Saguaro glad this Porras stayed put - East Valley Tribune: VarsityXtra

Saguaro glad this Porras stayed put

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Posted: Saturday, October 16, 2004 8:38 am | Updated: 4:45 pm, Thu Oct 6, 2011.

October 16, 2004

Tom Porras’ football career spanned many years and took him to all kinds of locales on the globe.

A quarterback, Porras had a beat-up football suitcase that sported stickers from cities in the United States, Canadian and Arena football leagues.

As a result, his son, Tyler, grew up almost like a military brat.

"We pretty much put a different helmet on him every year, wherever we were playing at the time," the elder Porras said.

After his career ended, Tom Porras settled his family in Scottsdale. The football program at Saguaro High is glad that was the final sticker on the suitcase, no more so than on Friday night.

Tyler Porras, a junior running back, ignited the Sabercats with 185 yards rushing and two touchdowns in a 24-22 victory at archrival Chaparral that gave Saguaro the inside track to the 4A East Sky Region championship.

"I know he’s been in a lot of places," Sabercats coach Mike Reardon said, "but we’re fortunate that he wound up here."

Saguaro was expecting to have a 1-2 backfield punch, with Porras and C.J. Venezia, a senior. But Venezia suffered a neck injury in the opening game of the season, putting the primary running responsibility on the shoulders of Porras.

"The coaches prepared us physically before the season, so in case one of us went down, there wouldn’t be a drop-off," Porras said. "Everyone else on the offense stepped it up, and no one got down."

Porras has a speed and shiftiness that belies his lanky, 6-foot, 185-pound frame. And he has displayed great durability, rushing for 535 yards on 68 carries (a 7.9-yard average) with five TDs in the Sabercats’ six games prior to Friday’s contest.

"We said to him, ‘Hey Tyler, we’re going to run you until your tongue falls out,’ " Reardon said. "He said, ‘OK, just give me the ball.’ That’s how he is. He is a hell of a competitor."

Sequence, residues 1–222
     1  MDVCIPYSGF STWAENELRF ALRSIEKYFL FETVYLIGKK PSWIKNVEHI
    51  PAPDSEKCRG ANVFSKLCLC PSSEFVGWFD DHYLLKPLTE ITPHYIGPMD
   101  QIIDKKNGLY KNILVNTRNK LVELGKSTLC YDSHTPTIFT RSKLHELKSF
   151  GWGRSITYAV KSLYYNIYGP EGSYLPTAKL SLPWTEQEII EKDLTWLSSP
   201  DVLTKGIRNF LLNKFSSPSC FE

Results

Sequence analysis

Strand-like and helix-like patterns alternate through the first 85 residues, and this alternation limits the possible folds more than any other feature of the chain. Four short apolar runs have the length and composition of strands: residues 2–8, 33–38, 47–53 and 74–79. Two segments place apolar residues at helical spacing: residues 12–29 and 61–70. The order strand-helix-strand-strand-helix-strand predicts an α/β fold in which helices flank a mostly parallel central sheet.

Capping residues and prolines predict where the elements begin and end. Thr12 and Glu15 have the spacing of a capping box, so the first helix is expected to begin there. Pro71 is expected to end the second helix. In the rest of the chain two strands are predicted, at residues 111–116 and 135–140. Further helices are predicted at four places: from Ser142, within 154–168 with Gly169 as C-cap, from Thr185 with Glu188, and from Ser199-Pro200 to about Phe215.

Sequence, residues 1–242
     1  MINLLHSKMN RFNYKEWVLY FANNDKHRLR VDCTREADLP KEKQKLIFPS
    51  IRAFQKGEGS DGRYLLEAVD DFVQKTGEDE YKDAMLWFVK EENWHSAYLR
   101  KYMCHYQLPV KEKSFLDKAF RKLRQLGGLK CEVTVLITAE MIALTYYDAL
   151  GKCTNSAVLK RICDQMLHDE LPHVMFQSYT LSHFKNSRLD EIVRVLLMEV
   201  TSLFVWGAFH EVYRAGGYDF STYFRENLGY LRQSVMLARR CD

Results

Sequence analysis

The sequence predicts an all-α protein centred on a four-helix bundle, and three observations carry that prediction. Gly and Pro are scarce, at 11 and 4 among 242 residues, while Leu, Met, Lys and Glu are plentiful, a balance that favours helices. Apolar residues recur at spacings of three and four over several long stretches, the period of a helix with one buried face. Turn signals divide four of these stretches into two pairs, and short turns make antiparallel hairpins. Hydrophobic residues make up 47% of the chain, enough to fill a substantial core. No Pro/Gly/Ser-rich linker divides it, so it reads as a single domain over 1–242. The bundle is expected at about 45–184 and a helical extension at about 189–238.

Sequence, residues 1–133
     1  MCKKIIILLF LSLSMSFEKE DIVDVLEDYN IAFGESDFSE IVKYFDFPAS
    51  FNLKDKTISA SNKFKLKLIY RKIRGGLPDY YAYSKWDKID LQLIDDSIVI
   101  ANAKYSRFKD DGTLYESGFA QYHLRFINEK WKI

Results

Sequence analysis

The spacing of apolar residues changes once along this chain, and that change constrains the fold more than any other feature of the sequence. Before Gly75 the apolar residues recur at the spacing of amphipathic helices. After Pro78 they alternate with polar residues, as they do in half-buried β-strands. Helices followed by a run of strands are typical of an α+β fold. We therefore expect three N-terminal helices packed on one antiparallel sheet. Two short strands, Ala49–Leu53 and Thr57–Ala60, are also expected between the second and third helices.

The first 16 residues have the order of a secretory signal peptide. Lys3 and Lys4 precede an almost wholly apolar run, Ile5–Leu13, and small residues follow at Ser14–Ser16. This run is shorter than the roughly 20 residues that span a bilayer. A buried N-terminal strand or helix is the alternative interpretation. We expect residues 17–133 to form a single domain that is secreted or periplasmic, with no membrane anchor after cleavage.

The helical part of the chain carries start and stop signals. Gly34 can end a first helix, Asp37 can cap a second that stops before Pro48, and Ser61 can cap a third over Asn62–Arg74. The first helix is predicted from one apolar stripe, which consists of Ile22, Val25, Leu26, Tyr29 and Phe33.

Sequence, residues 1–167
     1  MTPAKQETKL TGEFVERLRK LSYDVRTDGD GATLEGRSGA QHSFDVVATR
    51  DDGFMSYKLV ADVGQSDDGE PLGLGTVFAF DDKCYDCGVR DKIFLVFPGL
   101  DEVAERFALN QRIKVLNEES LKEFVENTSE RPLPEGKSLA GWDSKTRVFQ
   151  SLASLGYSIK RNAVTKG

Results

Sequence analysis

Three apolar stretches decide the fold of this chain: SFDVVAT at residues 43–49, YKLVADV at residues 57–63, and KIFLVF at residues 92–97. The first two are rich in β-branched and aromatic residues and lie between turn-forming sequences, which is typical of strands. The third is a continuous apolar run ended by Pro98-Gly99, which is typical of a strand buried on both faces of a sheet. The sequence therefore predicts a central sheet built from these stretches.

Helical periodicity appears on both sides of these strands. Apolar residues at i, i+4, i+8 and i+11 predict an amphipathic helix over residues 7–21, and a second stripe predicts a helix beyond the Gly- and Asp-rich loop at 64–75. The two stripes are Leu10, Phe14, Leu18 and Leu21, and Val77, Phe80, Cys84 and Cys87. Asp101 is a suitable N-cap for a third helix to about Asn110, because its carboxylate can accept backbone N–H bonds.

Tom Porras fell in love with Scottsdale while playing with the Arizona Wranglers and Outlaws of the USFL. While still a player, he started training young quarterbacks in the Valley during his offseasons.

It quickly became evident that his son would not a QB for Porras to groom.

"I can’t throw the ball worth a lick," Tyler Porras said, laughing. "I found that out in fifth grade, I think. But I have some really good running genes."

The elder Porras has still found a way to aid his son’s career, as he serves as Saguaro’s running backs coach.

"He runs a lot stronger than he looks like," Tom Porras said. "People won’t appreciate that until he is bigger, and that’s fine. But the best thing about him is that he’s got great character and is totally focused — on the field, in the classroom — and that will help him at the next level."

There will certainly be no argument from Chaparral.

The Sabercats won after a crazy final few minutes in which the Firebirds fumbled twice deep in their own territory, setting up Saguaro’s winning field goal. However, the victory would not have been possible without the earlier work of the welltraveled, darting-anddashing running back.

"This was the game," Tyler Porras said. "This is what I’d been waiting for all season. I had never beaten these guys before. They killed us every time. I was sick of that, and we did something about it."

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